An Irresponsible Father’s Guide to Parenting
Brought to Galway Theatre Festival 2019 by No Ropes Theatre
Written and performed by Laurence Clark.
Review by Annie McMahon
Have you ever wondered if you’re ready to have kids? What if a whole host of strangers wanted to weigh in to tell you that you’re not and never will be? Laurence Clark takes this seemingly nightmarish scenario and laughs at it. Clark is a father of two. He also has cerebral palsy, a condition which affects muscles and coordination, and so does his wife. They have 2 children and have faced more than enough criticism of their parenting for a lifetime. Following the birth of their second child, they were the subjects of a BBC documentary sensitively entitled “We Won’t Drop The Baby.” This piece focuses quite a bit on the horrors of becoming clickbait, a controversial concept for anonymous trolls with oddly cheery screen names to gleefully pull apart. Clark’s storytelling shows not only his thick skin but his admirable willingness to laugh at these people calling for his sterilization, for people like him not to be born even.
An Irresponsible Father’s Guide To Parenting is part of this year’s Galway Theatre Festival but fits more along the identifiers of stand up comedy/Ted Talk. The show is certainly styled as a comedy piece: even in the sad and shocking moments, Clark keeps his spirits high and the punchlines consistent. He’s charismatic and irreverent as he recounts the oddities of his (very cute) Scouser kids and his obsession with Doctor Who. His constant jokes had a kind of old fashioned one-liner setup/punchline formula that didn’t leave the audience in stitches too often, but the heart of this piece is the story of a Dad being told he shouldn’t have had kids, and finding solace in the warmth and maturity of his two sons. We are shown videos of his sons responses to some of the harsher insults from the comments section: Clark certainly passed down his goofy wit to these scene-stealers, but more than that Clark’s pride in his sons’ total ability for compassion and morality glows through his good-hearted digs.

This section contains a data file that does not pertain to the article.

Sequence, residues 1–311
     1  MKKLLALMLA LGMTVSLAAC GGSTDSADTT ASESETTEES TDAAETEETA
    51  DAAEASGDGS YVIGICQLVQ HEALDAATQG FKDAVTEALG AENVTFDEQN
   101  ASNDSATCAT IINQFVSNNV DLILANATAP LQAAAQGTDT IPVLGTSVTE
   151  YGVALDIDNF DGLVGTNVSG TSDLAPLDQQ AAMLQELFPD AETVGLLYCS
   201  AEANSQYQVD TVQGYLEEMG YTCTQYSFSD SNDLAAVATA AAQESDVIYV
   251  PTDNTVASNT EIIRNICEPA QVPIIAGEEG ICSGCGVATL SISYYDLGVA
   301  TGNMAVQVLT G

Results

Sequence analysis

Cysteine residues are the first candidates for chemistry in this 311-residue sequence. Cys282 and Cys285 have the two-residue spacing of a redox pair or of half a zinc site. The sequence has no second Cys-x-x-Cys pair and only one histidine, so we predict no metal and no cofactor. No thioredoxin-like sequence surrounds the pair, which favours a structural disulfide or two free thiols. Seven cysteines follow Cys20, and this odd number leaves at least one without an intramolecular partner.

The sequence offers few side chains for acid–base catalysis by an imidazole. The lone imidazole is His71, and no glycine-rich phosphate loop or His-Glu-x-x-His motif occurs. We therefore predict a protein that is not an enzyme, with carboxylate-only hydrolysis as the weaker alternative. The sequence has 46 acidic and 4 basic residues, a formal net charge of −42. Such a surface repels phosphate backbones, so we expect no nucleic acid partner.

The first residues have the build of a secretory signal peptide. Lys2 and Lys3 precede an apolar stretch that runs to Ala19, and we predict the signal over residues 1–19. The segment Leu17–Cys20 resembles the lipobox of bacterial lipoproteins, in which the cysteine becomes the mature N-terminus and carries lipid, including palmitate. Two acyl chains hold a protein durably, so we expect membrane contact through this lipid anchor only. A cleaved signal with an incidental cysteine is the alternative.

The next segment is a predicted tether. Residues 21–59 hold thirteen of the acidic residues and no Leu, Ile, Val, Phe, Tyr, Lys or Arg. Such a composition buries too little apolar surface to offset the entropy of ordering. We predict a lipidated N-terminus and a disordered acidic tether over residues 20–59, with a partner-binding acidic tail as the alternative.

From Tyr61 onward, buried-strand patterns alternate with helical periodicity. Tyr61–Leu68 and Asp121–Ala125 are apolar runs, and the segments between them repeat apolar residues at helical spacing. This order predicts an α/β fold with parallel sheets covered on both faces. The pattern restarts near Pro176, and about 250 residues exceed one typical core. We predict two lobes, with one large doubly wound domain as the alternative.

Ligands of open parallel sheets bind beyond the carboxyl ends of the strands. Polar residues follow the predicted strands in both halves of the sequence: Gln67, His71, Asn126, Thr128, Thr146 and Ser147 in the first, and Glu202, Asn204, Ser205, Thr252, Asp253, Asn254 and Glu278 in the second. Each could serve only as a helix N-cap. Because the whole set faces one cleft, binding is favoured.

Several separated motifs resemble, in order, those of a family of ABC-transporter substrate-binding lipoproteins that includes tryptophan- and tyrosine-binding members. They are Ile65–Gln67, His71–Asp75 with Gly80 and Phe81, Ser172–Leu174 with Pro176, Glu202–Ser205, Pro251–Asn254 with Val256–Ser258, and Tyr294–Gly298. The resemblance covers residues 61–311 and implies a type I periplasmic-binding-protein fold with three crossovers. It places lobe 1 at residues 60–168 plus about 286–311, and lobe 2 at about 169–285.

The perspective of the kids on their father’s condition is filled with positivity and pride. Clark seems a beacon of confidence but matter-of-factly admits to feeling deeply insecure and hurt when he wonders about whether his kids lives are made harder, not because of the nature of his condition but of the cruelty of others towards them. The heartbreaking reality behind Clark’s experience is not presented to be pitied, but empathised with. He strives to allow the audience to understand fully what the online abusers do not.
The technical aspects of the show are simple and almost homemade looking, comprised of a powerpoint and video projection. These are mostly comic supports and the pared back style admittedly ensures the focus does not pull from the man of the hour. But it does leave me wondering about the potential of what can be done to elevate the stories and performance of Clark if production design went beyond comic photoshopping and “homevideo” testimony.
Laurence Clark says he wonders “if he’s a sh*t dad.” The conclusion that anyone may draw is that he is far from it, but like any parent, must be allowed the freedom to try and fail sometimes. This show looks upon parenting with honesty and humility, proving that, in Clark’s words, “we’re idiots raising idiots in an idiotic world.” Nobody’s perfect, but we all have the capacity for kindness and humour, and this unusual guide to parenting proves that all too well.
An Irresponsible Father’s Guide To Parenting runs until Sat 11th May in the O’Donoghue Centre. Tickets available at www.tht.ie